3 Different Ways Of Dutching

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Description

As you probably know, Dutching is a method of staking several selections in the same race.
Stakes are calculated so that providing you hit the winner, each selection returns the same profit.

Dutching can be a very effective way of betting on a number of selections in order to show a profit, but whilst increasing the number of selections obviously increases your chance of hitting the winner, every additional selection also reduces your overall odds, and reduces your profit.

If Laying when Dutching, the opposite applies.
Whilst increasing the number of selections obviously increases your chance of hitting the winner for an unsuccessful Lay, every additional selection also reduces your overall odds, and any payout.
If you miss the winner, all your Lays will be successful. You will clean up with a “Skinner”.
Bookies, or Betfair traders who Lay several selections in an event, are in effect Dutching the market.
I suspect that most traders will use the Simple Dutching method described below.

There are 3 methods of Dutching shown here.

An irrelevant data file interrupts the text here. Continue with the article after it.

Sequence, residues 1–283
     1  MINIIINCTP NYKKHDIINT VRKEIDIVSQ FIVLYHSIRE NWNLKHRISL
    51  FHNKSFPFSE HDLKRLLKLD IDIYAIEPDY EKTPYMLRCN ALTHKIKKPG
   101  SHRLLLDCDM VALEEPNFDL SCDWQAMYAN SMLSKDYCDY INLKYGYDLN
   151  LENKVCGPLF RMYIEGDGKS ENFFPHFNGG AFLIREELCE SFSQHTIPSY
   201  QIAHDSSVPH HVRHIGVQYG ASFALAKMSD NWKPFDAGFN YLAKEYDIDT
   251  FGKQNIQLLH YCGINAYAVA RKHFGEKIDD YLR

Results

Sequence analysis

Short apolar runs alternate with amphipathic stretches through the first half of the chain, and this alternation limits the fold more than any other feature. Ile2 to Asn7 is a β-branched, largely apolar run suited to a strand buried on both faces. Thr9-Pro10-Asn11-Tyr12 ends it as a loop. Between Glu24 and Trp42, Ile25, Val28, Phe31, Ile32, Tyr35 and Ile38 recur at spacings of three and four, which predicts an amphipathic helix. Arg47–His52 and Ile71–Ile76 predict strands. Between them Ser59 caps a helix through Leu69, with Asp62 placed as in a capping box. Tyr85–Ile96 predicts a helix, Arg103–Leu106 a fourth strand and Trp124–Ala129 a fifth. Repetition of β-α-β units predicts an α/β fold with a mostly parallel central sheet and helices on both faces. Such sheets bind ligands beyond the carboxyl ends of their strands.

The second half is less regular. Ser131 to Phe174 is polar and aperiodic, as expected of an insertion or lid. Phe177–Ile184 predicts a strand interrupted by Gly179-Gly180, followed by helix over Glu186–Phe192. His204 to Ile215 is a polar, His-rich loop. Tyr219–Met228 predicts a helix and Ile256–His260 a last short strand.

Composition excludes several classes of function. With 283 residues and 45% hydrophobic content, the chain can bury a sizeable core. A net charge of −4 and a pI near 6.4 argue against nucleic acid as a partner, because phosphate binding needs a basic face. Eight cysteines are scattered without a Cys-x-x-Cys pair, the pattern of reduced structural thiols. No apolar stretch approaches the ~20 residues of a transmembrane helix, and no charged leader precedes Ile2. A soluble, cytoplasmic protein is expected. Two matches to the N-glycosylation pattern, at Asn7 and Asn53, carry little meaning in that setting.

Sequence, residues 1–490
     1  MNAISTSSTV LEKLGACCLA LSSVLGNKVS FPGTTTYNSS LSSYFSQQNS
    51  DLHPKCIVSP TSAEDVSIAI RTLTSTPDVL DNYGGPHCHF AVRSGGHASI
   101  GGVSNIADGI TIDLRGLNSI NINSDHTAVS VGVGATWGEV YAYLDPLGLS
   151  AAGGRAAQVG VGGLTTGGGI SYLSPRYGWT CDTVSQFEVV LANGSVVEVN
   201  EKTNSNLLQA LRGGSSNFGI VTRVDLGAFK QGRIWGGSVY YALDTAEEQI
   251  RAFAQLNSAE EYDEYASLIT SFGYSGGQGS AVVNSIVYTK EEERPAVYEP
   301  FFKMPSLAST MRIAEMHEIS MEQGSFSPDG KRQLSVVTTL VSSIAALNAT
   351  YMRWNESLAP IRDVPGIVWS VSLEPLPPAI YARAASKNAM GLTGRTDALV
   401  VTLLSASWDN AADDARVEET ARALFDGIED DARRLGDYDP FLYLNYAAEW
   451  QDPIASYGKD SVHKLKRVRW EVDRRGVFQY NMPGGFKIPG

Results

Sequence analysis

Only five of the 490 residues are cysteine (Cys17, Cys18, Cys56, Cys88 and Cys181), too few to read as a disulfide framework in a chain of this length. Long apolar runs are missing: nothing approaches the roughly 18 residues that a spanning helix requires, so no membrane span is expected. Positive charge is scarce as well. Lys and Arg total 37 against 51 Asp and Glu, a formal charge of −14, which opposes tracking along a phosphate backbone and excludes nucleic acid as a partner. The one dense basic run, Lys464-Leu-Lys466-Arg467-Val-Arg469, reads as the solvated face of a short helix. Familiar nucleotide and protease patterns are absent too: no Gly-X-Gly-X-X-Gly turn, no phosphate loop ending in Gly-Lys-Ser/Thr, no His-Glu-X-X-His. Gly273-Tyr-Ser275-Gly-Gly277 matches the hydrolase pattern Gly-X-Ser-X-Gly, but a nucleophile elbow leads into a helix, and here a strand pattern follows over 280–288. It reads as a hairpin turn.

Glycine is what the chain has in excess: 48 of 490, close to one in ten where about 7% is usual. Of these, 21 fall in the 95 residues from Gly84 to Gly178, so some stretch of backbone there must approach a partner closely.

Each has its advantages over the others concerning odds input for calculation, control of total stakes, and profit target.

Simple Dutching

  • Allows odds to be input in any sequence
  • Stakes remain unaltered throughout
  • There is no control of Total Stakes.

Stakes Limit Dutching

  • The odds of ALL the runners need to be input before calculations can be done
  • Stakes will adjust, if more selections are added.
  • There is total control of Total Stakes.

Dutching to a profit target

  • Maintains profit level regardless of number of runners or odds.
  • As the number of selections increases, all stakes are adjusted to maintain the desired profit.
  • Total Stakes can spiral alarmingly, especially if the odds are short.

This Excel spreadsheet package contains 3 separate spreadsheets that show the stakes required to Dutch any market with stakes remaining unaltered as you add more selections, or Dutch with control of total stakes, or Dutch to a profit target, as described above.